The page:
The leading case involved an action brought by a Chinese citizen against one individual and two local website operating companies under the General Principles of the Civil Law. The wife of the claimant had committed suicide after discovering that the claimant was involved in an extramarital affair. The individual defendant established a website on which he described the extramarital affair and its effect on the deceased. The website's contents included the name, address, and employer of the claimant, personal pictures, and other private information related to the claimant and his family. Visitors to the website copied the material to other websites including those hosted by the two defendant companies. As a result of the publicity, the claimant and his family suffered harassment and his employment was terminated. The claimant claimed both an infringement of reputation due to inaccurate statements contained in the posted material and an infringement of the right to privacy as a result of the publication of private information.

The Beijing Chaoyang district court rendered judgment in favor of the claimant on December 18, 2008. The judgment is notable for its detailed analysis and exposition of a "right to privacy" appears to that somewhat stretch the concepts contained in the General Principles of the Civil Law. The court took the view that a person's "right to privacy" could be infringed by disclosure or publication of private information that the person does not want to disclose to others, concerning aspects of his private life, private areas, or domestic tranquility and connected with his interests or his body.

The court identified five specific factors that it considered important in the determination of whether an infringement of the right to privacy has occurred: (i) the manner by which the private information is acquired, (ii) the manner by which the private information is disclosed, (iii) the scope of disclosure of the private information, (iv) the purpose of disclosure, and (v) the consequences of disclosure.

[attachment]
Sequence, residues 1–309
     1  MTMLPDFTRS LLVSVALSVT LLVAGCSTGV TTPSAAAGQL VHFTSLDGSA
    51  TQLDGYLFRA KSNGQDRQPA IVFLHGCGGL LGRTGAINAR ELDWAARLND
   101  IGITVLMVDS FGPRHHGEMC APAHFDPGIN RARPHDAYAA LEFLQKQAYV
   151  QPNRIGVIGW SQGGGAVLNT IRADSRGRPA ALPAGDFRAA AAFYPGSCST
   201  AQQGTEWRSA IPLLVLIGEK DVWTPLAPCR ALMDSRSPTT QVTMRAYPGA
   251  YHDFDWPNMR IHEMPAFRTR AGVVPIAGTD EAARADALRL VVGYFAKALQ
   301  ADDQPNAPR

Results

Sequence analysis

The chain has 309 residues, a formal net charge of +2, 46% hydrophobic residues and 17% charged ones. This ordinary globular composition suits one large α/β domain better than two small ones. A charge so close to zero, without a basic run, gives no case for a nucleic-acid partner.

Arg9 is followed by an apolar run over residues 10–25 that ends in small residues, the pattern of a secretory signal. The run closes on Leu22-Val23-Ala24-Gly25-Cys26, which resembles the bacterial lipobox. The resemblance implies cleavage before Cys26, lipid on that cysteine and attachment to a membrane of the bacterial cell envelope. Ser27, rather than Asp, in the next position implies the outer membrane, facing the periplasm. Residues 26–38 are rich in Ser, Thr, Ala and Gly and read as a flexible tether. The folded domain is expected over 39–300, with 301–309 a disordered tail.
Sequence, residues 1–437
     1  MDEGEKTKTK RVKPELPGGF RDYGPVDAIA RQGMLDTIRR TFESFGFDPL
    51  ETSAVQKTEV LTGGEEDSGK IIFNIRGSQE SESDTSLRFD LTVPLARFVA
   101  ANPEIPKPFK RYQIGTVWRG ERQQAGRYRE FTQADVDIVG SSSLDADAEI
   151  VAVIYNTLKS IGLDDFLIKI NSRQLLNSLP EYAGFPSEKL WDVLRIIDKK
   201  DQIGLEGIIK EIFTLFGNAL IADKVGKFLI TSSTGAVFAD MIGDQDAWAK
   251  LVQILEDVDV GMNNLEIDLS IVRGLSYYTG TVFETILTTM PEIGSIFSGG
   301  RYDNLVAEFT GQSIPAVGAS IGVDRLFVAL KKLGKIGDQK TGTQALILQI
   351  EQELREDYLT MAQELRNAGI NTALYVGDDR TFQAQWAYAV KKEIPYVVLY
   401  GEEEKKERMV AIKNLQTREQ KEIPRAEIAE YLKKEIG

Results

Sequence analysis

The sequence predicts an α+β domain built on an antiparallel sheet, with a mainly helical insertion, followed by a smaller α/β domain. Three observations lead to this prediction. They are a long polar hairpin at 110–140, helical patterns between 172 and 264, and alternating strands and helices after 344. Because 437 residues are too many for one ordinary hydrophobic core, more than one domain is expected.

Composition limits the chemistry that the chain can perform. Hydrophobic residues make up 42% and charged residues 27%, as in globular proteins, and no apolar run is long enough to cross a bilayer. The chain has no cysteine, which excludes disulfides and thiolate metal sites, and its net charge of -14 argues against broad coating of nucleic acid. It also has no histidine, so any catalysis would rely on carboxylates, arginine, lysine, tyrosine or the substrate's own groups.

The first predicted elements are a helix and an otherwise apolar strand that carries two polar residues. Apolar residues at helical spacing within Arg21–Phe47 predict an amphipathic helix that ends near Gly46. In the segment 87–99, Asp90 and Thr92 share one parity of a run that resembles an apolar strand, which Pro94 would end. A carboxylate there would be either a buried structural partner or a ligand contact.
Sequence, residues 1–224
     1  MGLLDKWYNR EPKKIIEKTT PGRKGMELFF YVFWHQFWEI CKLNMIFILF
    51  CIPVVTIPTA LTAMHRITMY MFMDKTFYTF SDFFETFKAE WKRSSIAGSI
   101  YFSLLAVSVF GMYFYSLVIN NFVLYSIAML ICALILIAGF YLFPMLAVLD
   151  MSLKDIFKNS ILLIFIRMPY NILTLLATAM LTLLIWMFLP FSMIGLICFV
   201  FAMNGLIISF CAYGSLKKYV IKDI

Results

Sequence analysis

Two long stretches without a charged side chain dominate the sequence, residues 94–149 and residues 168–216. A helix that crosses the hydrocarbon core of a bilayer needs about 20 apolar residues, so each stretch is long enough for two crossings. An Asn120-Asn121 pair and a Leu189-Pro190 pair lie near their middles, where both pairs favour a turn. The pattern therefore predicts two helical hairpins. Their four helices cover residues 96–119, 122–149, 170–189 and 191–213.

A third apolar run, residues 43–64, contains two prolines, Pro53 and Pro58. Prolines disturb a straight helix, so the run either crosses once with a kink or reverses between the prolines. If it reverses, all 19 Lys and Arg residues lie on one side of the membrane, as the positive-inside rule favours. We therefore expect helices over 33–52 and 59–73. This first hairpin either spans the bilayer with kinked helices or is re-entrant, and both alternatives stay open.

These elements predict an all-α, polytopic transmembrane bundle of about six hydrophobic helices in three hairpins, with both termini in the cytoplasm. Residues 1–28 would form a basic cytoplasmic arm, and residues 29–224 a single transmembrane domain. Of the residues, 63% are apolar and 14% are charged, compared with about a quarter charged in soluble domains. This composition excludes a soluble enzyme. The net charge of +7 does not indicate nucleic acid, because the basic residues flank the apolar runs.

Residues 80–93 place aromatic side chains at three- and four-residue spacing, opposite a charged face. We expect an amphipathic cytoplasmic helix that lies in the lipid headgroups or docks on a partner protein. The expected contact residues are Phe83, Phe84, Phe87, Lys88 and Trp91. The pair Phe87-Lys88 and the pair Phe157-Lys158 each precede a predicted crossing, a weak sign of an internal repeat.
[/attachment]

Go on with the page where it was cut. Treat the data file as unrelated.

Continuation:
In addition to the exposition of the "right to privacy," the court also held that the website operating companies:

  • were required to demonstrate best efforts in the prevention of the disclosure of personal information over the Internet, such as implementing privacy policies and website policies to regulate the activities of users, and implementing a monitoring system; and
  • assumed tortious liability for information posted and circulated on their websites where the information was not timely removed once it became known or acknowledged to be illegal or to infringe individuals' legal rights.

Notwithstanding the focus of the judgment on the right to privacy, it may be somewhat premature to assume (as some observers have suggested) that the right to privacy now exists independent of the right to reputation under the General Principles. It is important to recognize that the infringement of the right to privacy claim was brought in conjunction with a successful infringement of reputation claim and that ultimately the reputational rights sections in the General Principles were still cited in the judgment as the statutory basis for the decision. Moreover, in any event, it is important to note that under the PRC's civil law system, the judgment does not have any formal binding precedential effect.

Reproduced with permission from the Privacy Law Watch, 41 PRA-BUL, 3/5/2009,

Because of the generality of this update, the information provided herein may not be applicable in all situations and should not be acted upon without specific legal advice based on particular situations.

© Morrison & Foerster LLP. All rights reserved

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Gordon Milner
Paul D. McKenzie